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What is it? Overview Usage Side Effects and Warnings

Selenium Overview

Written by FoundHealth, sshowalter.

Selenium is a trace mineral that our bodies use to produce glutathione peroxidase. Glutathione peroxidase is part of the body's antioxidant defense system; it works with vitamin E to protect cell membranes from damage caused by dangerous, naturally occurring substances known as free radicals.

China has very low rates of colon cancer, presumably because of the nation's low-fat diet. However, in some parts of China where the soil is depleted of selenium, the incidence of various types of cancer is much higher than in the rest of the country. This fact has given rise to a theory that selenium deficiency is a common cause of cancer, and that selenium supplements can reduce this risk.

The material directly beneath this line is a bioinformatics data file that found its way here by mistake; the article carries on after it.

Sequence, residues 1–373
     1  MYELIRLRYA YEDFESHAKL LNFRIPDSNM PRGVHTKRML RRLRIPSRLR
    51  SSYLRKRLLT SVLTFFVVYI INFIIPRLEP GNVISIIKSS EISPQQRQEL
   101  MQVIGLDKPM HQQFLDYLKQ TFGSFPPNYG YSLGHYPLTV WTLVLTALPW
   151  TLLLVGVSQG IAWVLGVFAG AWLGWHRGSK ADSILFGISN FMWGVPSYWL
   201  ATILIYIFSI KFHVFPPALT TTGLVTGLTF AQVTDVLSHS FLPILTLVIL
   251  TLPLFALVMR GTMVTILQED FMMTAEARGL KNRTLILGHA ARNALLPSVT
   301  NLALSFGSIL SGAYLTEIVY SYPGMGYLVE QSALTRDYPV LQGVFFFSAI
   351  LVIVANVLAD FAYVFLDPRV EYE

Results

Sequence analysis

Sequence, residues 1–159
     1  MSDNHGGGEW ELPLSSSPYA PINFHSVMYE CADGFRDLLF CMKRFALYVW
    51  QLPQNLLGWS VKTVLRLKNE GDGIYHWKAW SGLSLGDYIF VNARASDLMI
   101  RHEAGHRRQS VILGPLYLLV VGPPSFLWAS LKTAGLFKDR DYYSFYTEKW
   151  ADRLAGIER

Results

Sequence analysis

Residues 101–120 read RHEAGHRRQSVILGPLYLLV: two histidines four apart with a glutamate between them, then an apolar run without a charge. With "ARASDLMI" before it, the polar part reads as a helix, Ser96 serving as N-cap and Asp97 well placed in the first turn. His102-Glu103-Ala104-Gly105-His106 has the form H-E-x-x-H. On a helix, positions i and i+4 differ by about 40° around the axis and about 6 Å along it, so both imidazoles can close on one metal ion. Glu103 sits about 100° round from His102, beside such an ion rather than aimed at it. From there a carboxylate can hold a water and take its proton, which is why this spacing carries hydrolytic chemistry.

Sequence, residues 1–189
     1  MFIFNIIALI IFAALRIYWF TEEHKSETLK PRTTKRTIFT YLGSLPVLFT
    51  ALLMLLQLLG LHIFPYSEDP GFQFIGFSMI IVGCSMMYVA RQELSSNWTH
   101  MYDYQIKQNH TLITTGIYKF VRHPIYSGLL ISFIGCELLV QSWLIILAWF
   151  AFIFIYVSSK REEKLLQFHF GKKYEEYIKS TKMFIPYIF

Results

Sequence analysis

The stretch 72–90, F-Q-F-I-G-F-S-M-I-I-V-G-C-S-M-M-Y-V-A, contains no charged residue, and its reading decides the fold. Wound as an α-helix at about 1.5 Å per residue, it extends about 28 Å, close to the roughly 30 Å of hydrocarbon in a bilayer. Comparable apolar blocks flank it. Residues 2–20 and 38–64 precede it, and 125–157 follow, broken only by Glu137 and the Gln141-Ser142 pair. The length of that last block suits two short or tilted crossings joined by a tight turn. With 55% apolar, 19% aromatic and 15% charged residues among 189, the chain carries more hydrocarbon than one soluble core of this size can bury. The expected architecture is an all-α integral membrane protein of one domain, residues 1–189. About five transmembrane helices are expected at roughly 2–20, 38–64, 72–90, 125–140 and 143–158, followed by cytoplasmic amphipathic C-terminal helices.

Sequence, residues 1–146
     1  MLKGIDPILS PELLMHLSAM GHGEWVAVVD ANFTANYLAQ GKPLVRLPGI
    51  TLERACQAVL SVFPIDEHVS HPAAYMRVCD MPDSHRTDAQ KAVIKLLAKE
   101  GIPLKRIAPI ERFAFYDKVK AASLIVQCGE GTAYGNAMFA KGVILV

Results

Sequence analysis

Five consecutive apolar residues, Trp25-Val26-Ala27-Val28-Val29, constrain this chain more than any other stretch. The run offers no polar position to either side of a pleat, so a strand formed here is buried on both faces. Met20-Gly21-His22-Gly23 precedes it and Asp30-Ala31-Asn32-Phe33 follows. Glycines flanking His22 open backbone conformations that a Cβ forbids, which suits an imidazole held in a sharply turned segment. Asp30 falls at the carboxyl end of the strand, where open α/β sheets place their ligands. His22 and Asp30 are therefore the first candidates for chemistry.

There is some preliminary evidence that selenium supplements might provide some protection against some types of cancer among people living in the US, but this evidence is far from definitive.


The official US and Canadian recommendations for daily intake of selenium are as follows:

  • Infants
  • 0-6 months: 15 mcg
  • 7-12 months: 20 mcg
  • Children
  • 1-3 years: 20 mcg
  • 4-8 years: 30 mcg
  • 9-13 years: 40 mcg
  • Males and Females
  • 14 years and older: 55 mcg
  • Pregnant Women: 60 mcg
  • Nursing Women: 70 mcg

Selenium content of food varies depending on the selenium content of the soil in which it was grown. Studies suggest that many people in certain developed countries, including New Zealand, Belgium, and Scandinavia, do not get enough selenium in their diets. 1 2 3 However, most individuals in the US and Canada are believed to consume more than enough selenium. 4 Foods containing significant and reliable amounts of selenium include animal products like meat, seafood, and dairy foods, as well as whole grains and vegetables grown in selenium-rich soils. These include wheat germ, nuts (particularly Brazil nuts), oats, whole-wheat bread, bran, red Swiss chard, brown rice, turnips, garlic, barley, and orange juice.